A Way Out of Gangs and Crime

In Jamaica, Adventist university program for troubled youths gets national spotlight.

Byron Buckley, Northern Caribbean University, and Inter-American Division News
A Way Out of Gangs and Crime

Jamaica’s security minister, Horace Chang, has commended Seventh-day Adventist-operated Northern Caribbean University (NCU) for providing at-risk youth with the opportunity to pursue tertiary education through its RESCUE program.

Launched in 2016, the program, Restoring Every Student’s Confidence Using Education (RESCUE), has spent more than US$800,000 to assist 75 students, including former gang members, scammers, sexually abused girls, and orphans.

Addressing a recent conference on religion and crime prevention at NCU, Chang described the RESCUE program as “outstanding” and deserving of the collaboration and support of the Ministry of National Security Jamaica in resolving some of the societal issues related to crime.

Chang noted that the government was in the process of reformulating how ministries, departments, and agencies carry out social intervention activities in communities.

“It is not sufficient to just design projects that we think are necessary for the people in these communities,” Chang told the gathering at NCU Mandeville campus on November 26, 2019. “We must and will operate collectively in guaranteeing the social benefits and entitlements of these citizens. We must and will also engage community stakeholders, like the church, to partner in developing sustainable, relevant initiatives in these communities,” he added.

The national security minister called on faith-based organizations to recognize their value and potential in being agents of change, able to prevent and suppress criminal behavior. “We are inviting these organizations to partner with the government in the fight against crime and criminality,” he said.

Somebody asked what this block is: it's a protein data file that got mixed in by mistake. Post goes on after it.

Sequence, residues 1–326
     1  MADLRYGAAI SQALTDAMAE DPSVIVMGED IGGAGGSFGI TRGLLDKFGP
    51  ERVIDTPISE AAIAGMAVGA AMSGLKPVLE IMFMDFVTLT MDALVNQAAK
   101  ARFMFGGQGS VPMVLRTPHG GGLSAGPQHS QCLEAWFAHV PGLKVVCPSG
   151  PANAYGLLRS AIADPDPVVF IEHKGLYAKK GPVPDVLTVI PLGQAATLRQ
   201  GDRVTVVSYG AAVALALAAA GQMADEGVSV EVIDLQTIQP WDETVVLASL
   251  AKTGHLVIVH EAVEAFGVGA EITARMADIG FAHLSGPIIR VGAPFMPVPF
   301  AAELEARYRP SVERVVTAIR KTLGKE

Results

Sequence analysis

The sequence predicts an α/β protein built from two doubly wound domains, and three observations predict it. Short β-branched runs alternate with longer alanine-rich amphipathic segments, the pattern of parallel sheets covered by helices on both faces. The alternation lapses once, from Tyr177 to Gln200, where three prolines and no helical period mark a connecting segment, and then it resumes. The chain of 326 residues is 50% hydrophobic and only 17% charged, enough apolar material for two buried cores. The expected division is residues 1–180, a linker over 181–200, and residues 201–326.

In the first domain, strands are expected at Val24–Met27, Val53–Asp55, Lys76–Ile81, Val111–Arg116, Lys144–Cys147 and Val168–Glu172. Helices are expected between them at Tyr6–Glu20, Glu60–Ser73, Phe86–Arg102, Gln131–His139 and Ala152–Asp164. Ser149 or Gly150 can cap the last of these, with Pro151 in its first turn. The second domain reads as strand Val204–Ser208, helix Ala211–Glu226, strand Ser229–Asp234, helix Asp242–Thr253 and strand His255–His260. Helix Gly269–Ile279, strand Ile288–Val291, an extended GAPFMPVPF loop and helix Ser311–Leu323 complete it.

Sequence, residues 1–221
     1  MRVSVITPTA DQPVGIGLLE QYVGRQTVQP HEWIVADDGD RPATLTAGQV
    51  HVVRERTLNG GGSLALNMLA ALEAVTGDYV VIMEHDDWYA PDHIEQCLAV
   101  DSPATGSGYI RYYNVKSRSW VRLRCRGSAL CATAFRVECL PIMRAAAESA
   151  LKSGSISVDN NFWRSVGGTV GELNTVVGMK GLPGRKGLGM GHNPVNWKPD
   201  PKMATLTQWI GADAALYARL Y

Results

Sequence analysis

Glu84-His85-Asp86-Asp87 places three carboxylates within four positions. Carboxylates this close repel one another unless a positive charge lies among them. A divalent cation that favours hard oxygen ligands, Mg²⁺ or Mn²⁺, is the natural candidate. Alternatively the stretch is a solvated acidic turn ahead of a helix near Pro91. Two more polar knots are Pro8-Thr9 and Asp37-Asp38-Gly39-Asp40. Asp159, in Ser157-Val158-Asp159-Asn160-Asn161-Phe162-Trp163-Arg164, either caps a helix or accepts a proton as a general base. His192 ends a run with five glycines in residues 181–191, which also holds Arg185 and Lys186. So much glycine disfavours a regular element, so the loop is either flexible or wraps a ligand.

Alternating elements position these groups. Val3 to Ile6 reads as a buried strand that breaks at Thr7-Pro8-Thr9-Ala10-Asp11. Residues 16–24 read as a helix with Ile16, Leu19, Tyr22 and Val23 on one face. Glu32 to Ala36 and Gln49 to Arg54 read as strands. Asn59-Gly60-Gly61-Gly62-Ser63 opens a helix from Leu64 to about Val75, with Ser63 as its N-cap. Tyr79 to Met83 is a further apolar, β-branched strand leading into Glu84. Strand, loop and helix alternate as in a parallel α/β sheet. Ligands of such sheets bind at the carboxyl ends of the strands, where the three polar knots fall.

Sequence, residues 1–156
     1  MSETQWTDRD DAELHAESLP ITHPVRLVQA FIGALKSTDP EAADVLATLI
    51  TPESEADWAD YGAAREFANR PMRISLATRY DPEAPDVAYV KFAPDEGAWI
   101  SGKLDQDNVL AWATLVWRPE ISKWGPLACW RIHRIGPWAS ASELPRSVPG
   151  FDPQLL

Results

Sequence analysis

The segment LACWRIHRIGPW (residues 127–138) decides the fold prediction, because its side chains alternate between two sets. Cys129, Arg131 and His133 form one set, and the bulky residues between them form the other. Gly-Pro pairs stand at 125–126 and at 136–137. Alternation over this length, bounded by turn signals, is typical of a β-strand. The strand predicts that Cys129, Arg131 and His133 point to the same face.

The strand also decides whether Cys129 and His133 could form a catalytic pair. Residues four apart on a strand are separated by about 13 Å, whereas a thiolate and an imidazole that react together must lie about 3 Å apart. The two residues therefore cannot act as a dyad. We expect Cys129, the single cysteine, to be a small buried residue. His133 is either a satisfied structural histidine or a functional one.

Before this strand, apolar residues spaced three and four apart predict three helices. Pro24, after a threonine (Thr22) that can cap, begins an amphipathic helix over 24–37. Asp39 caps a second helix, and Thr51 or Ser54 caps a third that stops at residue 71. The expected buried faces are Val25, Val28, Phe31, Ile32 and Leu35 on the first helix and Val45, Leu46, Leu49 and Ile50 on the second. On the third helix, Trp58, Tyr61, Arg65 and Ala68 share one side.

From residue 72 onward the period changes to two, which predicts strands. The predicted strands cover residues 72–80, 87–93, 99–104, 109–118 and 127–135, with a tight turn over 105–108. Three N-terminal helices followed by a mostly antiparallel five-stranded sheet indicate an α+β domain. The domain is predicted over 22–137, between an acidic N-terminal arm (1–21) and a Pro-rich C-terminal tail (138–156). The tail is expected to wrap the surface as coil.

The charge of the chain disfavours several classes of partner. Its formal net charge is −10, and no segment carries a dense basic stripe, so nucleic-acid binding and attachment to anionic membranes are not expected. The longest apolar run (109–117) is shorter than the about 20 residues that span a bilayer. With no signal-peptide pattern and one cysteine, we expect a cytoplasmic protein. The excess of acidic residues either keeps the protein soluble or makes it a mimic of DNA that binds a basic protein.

In his remarks to the conference, which was organized by NCU’s School of Religion and Theology, university president Lincoln Edwards said that the institution has appealed to churches and other civic organizations to identify youths who are at risk to be influenced by criminal elements and to send them, along with funding, to the institution.

“We believe that it is far cheaper and more advantageous to educate students than to maintain them in prisons for extended periods of time,” Edwards argued.

“So, I urge the government and all Jamaica to partner with us in expanding the RESCUE program to reach many more youths. The more youths who attend NCU, the less will be available to serve as recruits for gangs or scammers,” he declared.

The president said that, as a faith-based organization, NCU believes that the church has a major role to play in finding solutions to the all-encompassing dilemma of crime. As such, the conference on crime prevention was planned with possible solutions in mind.

Edwards pointed out that NCU has an excellent criminal justice program through which the institution has provided training to members of the security forces in critical areas of duty.

In addition, he pointed to the university’s community restorative justice program as “a key element” in assisting communities and the police in dispute resolution, among other services.

He added that in cases of trauma occurring in the security forces, NCU counselors are dispatched to provide care to colleagues and family of affected workers.

“Our various churches provide counseling to bereaved families, helping them to cope, provide support for the children of struggling families so that these children can stay in school and have a future, rather than become recruits for gangs or scammers,” the NCU president stated.

The original version of this story was posted on the Inter-American Division news site.

Byron Buckley, Northern Caribbean University, and Inter-American Division News